Conservation Mowing

Tall Grass with mountains in background


Conservation mowing, or mowing reduction, aligns with numerous actions identified in the Landscape, Natural Resources, and Agriculture sector of the Climate Action Plan including reduction in carbon emissions associated with landscaping equipment and improvements in soil health, wildlife habitats, and stormwater runoff. Co-benefits include staff safety and noise reduction. ACES adopted a SMART goal for conservation mowing stating:

Reduce area of mowed, non-athletic, field grassy areas by 15% by year 2024, and further reduce mowed grass by an additional 5% each year thereafter. Prioritize areas with steep slopes and other unused grassy areas. Areas identified for mowing reduction will be converted to forests, managed meadows, or un-mowed grass. Un-mowed grasses shall be mowed once annually in early spring.

Using GIS to conduct an aerial survey of land cover types of ACPS’ 760 acres of land, it was found that 25% or approximately 190 acres were mowed grass. The full breakdown of land use can be seen in the pie chart below. Conservation mowing began in summer of 2023 prioritizing steep slopes and unused mowed areas. Signage will be used to educate students, staff, and the public on the benefits of this intentional reduction in mowing and to help reframe the narrative on how sustainable open space can look. Prominent areas of un-mowed grass, such as in front of schools, or along highway frontage will be supplemented with wildflowers for beautification. Mowed strips will remain around all paths, sidewalks, parking, playgrounds, etc. Mowing and/or bush hogging will be conducted in early-spring after insects overwintering in grass stems have emerged.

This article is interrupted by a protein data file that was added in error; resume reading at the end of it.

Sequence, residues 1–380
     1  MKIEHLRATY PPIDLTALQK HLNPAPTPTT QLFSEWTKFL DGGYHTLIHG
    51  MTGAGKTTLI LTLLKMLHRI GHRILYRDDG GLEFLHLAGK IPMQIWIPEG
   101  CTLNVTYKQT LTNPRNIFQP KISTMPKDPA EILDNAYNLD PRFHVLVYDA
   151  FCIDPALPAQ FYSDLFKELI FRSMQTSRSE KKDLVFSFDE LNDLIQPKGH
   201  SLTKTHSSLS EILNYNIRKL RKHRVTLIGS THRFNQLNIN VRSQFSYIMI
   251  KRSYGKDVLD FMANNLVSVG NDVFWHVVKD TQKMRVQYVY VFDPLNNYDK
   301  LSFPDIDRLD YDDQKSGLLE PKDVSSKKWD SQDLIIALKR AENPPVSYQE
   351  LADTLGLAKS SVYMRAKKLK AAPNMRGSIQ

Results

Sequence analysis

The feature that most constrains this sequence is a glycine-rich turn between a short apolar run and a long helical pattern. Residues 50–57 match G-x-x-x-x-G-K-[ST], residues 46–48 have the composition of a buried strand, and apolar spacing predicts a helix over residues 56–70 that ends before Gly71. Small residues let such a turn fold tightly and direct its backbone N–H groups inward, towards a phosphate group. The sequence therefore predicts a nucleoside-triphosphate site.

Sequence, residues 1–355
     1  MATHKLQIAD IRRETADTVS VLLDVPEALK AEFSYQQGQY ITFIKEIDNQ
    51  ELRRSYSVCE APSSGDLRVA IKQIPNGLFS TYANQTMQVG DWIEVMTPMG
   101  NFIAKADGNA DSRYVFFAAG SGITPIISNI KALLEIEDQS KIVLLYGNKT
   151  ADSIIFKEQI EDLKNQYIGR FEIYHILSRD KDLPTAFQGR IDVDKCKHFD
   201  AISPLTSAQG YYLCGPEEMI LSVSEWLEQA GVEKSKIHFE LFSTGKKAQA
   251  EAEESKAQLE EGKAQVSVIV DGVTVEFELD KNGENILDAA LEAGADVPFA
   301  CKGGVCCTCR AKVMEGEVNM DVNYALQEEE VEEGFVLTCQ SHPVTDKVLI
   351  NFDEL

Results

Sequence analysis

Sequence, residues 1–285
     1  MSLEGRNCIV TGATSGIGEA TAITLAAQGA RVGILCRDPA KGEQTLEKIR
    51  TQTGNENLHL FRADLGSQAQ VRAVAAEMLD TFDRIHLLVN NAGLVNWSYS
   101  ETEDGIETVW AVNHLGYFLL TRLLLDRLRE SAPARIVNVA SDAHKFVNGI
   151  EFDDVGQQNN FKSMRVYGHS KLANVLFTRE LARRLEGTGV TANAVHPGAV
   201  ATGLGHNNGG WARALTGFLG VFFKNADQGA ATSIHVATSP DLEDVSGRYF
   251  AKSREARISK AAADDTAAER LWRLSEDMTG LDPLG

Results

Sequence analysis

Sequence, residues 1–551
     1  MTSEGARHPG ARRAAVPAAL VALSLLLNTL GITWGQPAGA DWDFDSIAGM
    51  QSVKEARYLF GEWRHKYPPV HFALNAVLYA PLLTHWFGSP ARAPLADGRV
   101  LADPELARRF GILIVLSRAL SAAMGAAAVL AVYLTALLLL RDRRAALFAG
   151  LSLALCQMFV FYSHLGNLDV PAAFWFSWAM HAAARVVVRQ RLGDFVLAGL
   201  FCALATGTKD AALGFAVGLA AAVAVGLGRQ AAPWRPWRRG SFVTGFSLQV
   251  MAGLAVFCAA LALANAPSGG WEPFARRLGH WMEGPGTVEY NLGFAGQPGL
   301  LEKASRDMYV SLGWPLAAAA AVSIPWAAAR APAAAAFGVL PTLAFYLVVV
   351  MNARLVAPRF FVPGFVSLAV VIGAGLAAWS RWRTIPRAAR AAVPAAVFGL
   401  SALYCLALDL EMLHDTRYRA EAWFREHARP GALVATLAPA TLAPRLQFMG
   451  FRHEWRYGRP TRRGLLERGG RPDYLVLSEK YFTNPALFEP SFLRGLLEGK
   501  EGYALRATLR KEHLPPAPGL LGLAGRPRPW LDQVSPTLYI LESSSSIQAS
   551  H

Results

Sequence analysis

The future of conservation mowing at ACPS will be an iterative process of continual improvement. Staff will be busy determining where conservation mowing is and isn't maintaining the balance between environmental stewardship and school operations needs, identifying areas for future expansion of the program and beautifying these unmown areas by adding biodiversity through the use of wild flowers and pollinator friendly plants.

Pie Chart of Land Use types on ACPS owned parcels.  42% forest, 25% mowed grass, 24% impervious, 8% meadow, 1% unmowed grass
Conservation Mowing at Scottsville Elementary
A field with a large 'love' sign.  A crisp line between mowed and unmowed grass.

Benefits of Conservation Mowing

Conservation Mowing at Burley